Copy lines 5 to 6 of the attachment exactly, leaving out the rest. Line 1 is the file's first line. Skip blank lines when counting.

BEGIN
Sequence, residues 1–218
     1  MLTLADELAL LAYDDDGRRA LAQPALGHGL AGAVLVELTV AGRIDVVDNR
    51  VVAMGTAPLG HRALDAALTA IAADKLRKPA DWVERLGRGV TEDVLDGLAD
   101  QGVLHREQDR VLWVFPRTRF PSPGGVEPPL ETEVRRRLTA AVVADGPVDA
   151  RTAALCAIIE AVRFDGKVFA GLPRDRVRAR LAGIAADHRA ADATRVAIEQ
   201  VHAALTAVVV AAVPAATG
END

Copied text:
   151  RTAALCAIIE AVRFDGKVFA GLPRDRVRAR LAGIAADHRA ADATRVAIEQ
   201  VHAALTAVVV AAVPAATG